- Latest available (Revised)
- Original (As made)
There are outstanding changes not yet made by the legislation.gov.uk editorial team to The Police and Criminal Evidence (Northern Ireland) Order 1989. Any changes that have already been made by the team appear in the content and are referenced with annotations.
Revised legislation carried on this site may not be fully up to date. Changes and effects are recorded by our editorial team in lists which can be found in the ‘Changes to Legislation’ area. Where those effects have yet to be applied to the text of the legislation by the editorial team they are also listed alongside the legislation in the affected provisions. Use the ‘more’ link to open the changes and effects relevant to the provision you are viewing.
This section lists the changes and effects yet to be applied to the whole Order, associated Parts and Chapters where applicable. This includes any insertions of whole new Parts, Chapters or provisions yet to be inserted into this Order. These effects are included in this view as they may be (but won’t necessarily be) relevant to the specific provision that you are viewing.
This section lists the commencement orders yet to be applied to the whole Order. These effects are included in this view as they may be (but won’t necessarily be) relevant to the specific provision that you are viewing. Where applicable the commencement orders are listed under two headings, firstly those that bring some part of the Order you are viewing into force and secondly, those that bring into force legislation that affects some part of the legislation you are viewing. If you are viewing a prospective version or there is a prospective version available there may be commencement orders listed here that are relevant to the provision you are viewing.
F226.—(1) A constable may arrest without a warrant—
(a)anyone who is about to commit an offence;
(b)anyone who is in the act of committing an offence;
(c)anyone whom he has reasonable grounds for suspecting to be about to commit an offence;
(d)anyone whom he has reasonable grounds for suspecting to be committing an offence.
(2) If a constable has reasonable grounds for suspecting that an offence has been committed, he may arrest without a warrant anyone whom he has reasonable grounds to suspect of being guilty of it.
(3) If an offence has been committed, a constable may arrest without a warrant—
(a)anyone who is guilty of the offence;
(b)anyone whom he has reasonable grounds for suspecting to be guilty of it.
(4) But the power of summary arrest conferred by paragraph (1), (2) or (3) is exercisable only if the constable has reasonable grounds for believing that for any of the reasons mentioned in paragraph (5) it is necessary to arrest the person in question.
(5) The reasons are—
(a)to enable the name of the person in question to be ascertained (in the case where the constable does not know, and cannot readily ascertain, the person's name, or has reasonable grounds for doubting whether a name given by the person as his name is his real name);
(b)correspondingly as regards the person's address;
(c)to prevent the person in question—
(i)causing physical injury to himself or any other person;
(ii)suffering physical injury;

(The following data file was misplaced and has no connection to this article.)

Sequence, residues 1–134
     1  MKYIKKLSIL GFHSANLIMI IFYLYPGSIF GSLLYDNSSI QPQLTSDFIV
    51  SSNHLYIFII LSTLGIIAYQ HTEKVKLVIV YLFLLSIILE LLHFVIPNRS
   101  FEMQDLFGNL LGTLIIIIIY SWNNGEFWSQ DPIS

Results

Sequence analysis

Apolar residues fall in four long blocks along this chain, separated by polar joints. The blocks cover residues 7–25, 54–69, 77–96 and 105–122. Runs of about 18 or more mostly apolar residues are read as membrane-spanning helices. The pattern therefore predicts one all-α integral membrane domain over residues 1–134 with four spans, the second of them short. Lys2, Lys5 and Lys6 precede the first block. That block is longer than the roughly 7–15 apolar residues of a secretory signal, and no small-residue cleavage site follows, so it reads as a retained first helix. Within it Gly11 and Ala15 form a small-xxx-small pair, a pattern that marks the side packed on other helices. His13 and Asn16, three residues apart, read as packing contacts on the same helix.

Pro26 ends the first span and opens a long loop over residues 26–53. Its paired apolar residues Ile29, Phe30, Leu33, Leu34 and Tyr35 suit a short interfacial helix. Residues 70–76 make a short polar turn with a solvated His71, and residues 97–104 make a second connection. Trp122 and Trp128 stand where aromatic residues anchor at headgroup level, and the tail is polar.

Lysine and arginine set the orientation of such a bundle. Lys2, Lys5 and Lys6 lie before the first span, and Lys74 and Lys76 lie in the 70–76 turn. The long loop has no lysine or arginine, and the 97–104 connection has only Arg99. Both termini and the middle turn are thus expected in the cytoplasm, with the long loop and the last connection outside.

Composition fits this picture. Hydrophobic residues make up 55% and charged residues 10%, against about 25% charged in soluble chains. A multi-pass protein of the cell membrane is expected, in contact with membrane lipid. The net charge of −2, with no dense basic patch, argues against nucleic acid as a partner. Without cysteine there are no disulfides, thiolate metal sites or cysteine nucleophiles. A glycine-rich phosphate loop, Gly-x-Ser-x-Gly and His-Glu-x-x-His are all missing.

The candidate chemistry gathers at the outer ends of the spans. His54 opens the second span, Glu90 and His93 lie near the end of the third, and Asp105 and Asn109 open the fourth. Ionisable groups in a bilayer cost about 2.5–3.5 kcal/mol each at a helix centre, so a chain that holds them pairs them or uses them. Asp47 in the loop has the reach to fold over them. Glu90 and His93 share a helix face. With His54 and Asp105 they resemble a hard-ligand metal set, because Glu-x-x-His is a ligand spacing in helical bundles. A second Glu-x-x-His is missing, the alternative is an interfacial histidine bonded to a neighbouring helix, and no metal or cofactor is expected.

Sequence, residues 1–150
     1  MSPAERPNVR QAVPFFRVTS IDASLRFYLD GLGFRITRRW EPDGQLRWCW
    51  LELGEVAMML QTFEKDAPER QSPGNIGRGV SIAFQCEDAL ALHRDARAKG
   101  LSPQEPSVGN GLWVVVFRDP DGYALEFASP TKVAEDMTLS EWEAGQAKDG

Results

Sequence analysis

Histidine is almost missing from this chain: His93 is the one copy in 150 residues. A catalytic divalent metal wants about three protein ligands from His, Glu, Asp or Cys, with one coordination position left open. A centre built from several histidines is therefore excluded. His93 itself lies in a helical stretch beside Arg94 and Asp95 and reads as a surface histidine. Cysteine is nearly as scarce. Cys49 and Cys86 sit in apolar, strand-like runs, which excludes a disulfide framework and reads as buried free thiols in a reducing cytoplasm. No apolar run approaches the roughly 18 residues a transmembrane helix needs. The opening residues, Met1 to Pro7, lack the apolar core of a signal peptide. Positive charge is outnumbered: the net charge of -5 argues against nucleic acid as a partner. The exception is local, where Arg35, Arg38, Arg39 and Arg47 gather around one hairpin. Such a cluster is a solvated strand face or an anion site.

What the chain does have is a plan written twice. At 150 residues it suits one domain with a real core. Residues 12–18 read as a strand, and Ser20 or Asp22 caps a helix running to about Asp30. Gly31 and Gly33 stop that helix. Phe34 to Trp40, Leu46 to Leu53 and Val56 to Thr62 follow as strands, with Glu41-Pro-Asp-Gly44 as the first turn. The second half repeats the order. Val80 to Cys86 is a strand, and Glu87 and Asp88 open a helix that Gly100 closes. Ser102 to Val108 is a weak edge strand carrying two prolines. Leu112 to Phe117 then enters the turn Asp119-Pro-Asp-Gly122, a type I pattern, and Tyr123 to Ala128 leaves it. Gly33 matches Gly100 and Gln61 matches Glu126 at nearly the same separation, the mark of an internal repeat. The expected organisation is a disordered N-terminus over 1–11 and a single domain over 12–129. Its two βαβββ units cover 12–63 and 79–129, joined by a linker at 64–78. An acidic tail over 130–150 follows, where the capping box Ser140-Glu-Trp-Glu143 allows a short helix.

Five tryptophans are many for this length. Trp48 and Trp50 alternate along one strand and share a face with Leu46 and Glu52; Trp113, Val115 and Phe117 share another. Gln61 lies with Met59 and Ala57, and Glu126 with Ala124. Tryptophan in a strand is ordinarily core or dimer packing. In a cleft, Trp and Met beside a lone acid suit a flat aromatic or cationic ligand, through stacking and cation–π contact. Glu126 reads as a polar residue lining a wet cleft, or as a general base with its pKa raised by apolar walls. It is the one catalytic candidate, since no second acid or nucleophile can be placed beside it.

(iii)causing loss of or damage to property;
(iv)committing an offence against public decency (subject to paragraph (6)); or
(v)causing an unlawful obstruction on a road (within the meaning of the Road Traffic (Northern Ireland) Order 1995 (NI 18);
(d)to protect a child or other vulnerable person from the person in question;
(e)to allow the prompt and effective investigation of the offence or of the conduct of the person in question;
(f)to prevent any prosecution for the offence from being hindered by the disappearance of the person in question.
(6) Paragraph (5)(c)(iv) applies only where members of the public going about their normal business cannot reasonably be expected to avoid the person in question.]
Annotations are used to give authority for changes and other effects on the legislation you are viewing and to convey editorial information. They appear at the foot of the relevant provision or under the associated heading. Annotations are categorised by annotation type, such as F-notes for textual amendments and I-notes for commencement information (a full list can be found in the Editorial Practice Guide). Each annotation is identified by a sequential reference number. For F-notes, M-notes and X-notes, the number also appears in bold superscript at the relevant location in the text. All annotations contain links to the affecting legislation.
Modifications etc. (not altering text)
Latest Available (revised):The latest available updated version of the legislation incorporating changes made by subsequent legislation and applied by our editorial team. Changes we have not yet applied to the text, can be found in the ‘Changes to Legislation’ area.
Original (As Enacted or Made):The original version of the legislation as it stood when it was enacted or made. No changes have been applied to the text.
Geographical Extent: Indicates the geographical area that this provision applies to. For further information see ‘Frequently Asked Questions’.
Show Timeline of Changes: See how this legislation has or could change over time. Turning this feature on will show extra navigation options to go to these specific points in time. Return to the latest available version by using the controls above in the What Version box.
Access essential accompanying documents and information for this legislation item from this tab. Dependent on the legislation item being viewed this may include: